Accenture claims to have won $1.1 billion in GenAI projects or 2.8% of the total order book during the first half of the current fiscal year. Its early success in GenAI is in contrast with Indian IT services majors such as TCS, Infosys and HCL Tech, many of which are still navigating their AI strategies and have not disclosed their earnings from this technology, considered by many as the biggest risk to the outsourcing industry.

Last month, TCS for the first time disclosed that it had $900 million worth of GenAI contracts. Like Accenture, TCS’s share of GenAI projects remains tiny: 2.1% of $42.7 billion of order book at the end of March last year.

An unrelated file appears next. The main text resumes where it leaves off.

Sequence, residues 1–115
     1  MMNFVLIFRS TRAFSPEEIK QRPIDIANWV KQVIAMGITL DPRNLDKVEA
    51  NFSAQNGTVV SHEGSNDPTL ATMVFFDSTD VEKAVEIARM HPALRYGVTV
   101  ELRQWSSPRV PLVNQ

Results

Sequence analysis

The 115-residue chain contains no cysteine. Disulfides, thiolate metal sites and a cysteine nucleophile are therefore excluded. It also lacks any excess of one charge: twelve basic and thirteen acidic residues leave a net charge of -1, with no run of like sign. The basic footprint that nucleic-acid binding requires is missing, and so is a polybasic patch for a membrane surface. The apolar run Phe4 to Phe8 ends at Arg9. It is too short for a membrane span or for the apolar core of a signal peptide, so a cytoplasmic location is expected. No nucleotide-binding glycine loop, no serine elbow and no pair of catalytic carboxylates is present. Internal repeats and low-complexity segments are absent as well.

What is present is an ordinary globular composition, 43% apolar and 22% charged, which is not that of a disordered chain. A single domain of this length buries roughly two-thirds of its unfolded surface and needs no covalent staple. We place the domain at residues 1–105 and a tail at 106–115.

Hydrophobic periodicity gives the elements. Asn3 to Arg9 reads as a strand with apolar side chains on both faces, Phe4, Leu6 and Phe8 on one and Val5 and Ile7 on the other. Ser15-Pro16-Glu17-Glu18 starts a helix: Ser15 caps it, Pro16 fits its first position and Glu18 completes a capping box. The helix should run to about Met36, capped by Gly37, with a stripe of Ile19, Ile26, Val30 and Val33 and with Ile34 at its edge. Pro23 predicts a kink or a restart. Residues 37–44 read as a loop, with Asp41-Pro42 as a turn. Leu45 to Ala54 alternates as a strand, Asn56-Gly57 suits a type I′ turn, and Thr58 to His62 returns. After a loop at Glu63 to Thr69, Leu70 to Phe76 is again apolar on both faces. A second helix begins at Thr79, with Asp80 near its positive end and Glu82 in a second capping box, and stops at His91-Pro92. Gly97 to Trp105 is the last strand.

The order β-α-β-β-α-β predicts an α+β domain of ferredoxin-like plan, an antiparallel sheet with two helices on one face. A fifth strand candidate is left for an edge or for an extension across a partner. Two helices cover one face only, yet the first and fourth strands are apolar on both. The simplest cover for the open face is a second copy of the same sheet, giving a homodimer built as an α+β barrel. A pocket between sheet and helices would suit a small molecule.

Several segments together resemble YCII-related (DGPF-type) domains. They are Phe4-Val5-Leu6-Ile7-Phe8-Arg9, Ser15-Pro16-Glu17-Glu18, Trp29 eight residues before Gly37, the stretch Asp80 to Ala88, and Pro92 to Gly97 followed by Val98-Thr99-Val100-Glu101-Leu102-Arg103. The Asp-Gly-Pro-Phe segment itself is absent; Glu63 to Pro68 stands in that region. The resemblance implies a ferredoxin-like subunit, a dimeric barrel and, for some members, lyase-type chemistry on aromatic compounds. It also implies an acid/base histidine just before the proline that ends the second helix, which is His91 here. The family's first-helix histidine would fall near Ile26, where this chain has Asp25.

Also read: Another job AI could take over and replace?

“A full realization of GenAI's benefits will take time and enterprises and society still have considerable challenges to address," said TCS CEO K. Krithivasan in a post-earnings interaction with analysts on 12 April. “These include managing the risks inherent in Gen AI, reskilling and upskilling the workforce and reimagining core business processes. Customers are looking at scaling out POCs (proofs of concept) and pilots by implementing necessary guardrails," he said.

“I believe it is still early days, but it is a prudent practice to describe it, just like in the past when the rise of cloud computing firms came with the risk of self-cannibalization of business for IT services firms," said Apurva Prasad, vice-president of institutional research at brokerage firm HDFC Securities.